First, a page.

Errol Spence Jr. got his second chance at life on October 10, 2019. It’s a date that will forever be etched in the mind of the three-belt welterweight champion.
“The Big Fish” has since cemented his reputation as one of the biggest pound-for-pound stars on the planet. However, it could have been so different.
Spence recently admitted he struggled with post-traumatic stress from the ordeal as he came away with a few facial bruises that would heal completely.
But watching the video of his Ferrari Spider flying through the air has never been easier as Spence spirals out of control and leaves his life to the fate of pure luck.
Any reciprocating movement of the car that threw him off the windshield because he was not wearing a seatbelt would be catastrophic.
Speaking about the crash ahead of his win over Yordenis Ugas, Spence joined former NFL stars and “The Pivot Podcast” co-hosts Ryan Clark, Channing Crowder and Fred Taylor on “The Pivot Podcast” to re- hash events.
Spence pointed out: “It was a red flag. More importantly, it gave me perspective. I really had to sit down.
“I realized that all this outside stuff was just a distraction. What matters are the people close to you.
“Because when it’s over, that’s all you have.” I realized I was playing on borrowed time.
ERROL SPENCE JR PERSPECTIVES
Spence certainly has a new outlook on life, especially in boxing, keeping that unique perspective with him at all times.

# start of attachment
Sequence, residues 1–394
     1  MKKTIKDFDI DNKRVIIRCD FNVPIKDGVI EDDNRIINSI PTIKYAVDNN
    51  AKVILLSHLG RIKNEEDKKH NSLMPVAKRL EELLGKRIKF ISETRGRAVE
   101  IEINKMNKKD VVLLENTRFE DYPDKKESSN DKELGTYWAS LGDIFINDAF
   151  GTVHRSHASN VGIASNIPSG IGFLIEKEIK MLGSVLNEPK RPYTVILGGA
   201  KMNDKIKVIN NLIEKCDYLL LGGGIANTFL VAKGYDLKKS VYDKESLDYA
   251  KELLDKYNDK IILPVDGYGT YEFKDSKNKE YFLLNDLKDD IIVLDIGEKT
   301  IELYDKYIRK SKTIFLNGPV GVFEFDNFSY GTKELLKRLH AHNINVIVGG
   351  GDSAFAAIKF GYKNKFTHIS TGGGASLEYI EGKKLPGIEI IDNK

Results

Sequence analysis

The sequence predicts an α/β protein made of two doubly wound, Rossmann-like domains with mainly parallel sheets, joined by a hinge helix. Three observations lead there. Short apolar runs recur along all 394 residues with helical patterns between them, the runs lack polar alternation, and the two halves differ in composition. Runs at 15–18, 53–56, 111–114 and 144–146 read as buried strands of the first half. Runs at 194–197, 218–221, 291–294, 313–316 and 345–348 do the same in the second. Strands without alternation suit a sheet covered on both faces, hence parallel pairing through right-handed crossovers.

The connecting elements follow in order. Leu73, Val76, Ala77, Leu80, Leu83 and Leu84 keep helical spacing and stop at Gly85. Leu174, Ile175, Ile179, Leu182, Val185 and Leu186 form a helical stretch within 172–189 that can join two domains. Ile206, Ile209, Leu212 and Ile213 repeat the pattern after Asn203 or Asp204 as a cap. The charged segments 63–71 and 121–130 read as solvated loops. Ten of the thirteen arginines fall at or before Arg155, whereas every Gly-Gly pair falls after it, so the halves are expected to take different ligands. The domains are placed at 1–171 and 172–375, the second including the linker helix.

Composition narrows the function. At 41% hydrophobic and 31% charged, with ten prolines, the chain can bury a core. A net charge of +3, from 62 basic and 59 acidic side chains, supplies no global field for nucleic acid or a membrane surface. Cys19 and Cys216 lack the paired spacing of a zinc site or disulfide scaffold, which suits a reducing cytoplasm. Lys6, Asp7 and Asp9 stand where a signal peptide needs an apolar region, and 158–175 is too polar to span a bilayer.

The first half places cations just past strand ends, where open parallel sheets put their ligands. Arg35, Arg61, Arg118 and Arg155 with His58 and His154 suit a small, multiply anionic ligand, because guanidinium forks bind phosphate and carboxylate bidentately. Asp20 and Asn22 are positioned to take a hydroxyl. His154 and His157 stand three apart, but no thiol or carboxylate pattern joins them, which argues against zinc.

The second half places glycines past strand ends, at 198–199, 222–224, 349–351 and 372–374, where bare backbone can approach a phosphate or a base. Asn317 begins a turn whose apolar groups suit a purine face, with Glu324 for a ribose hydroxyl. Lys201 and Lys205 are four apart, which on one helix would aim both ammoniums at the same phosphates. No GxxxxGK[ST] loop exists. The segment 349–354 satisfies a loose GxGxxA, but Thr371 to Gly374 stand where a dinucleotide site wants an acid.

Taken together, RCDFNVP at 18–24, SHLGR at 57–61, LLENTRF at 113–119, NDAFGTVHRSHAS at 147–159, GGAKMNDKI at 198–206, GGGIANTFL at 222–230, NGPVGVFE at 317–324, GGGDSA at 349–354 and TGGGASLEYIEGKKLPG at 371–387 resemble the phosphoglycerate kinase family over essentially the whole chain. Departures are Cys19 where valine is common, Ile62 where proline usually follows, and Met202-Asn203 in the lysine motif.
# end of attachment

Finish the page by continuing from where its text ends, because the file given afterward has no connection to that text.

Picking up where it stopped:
“If concrete couldn’t break anything in my body, then how could a man hurt me?
“That’s why I walked straight out the door and fought a solid ex-champ in the person of Danny Garcia.”
When he was written off, beating Garcia against the odds was a satisfying achievement for Spence. He followed that up with the Ugas triumph, where he added the WBA title to his WBC and IBF versions.
Now, only one belt remains against WBO leader Terence Crawford. Spence will undoubtedly carry his experiences into everything undisputed with Crawford.
“I will always remember the accident. I wanted to be reminded of the accident,” said ‘The Truth.’ “It was definitely a lesson for me and my kids.
“The accident made me the man I am today. It made me be with my family more and I realized that a lot of things that I thought were important, or just things that I indulged in, weren’t as important as the strength of being with my family.
Phil, editor of WBN, has over ten years experience in boxing news. Follow us on WBN on Twitter @WorldBoxingNews.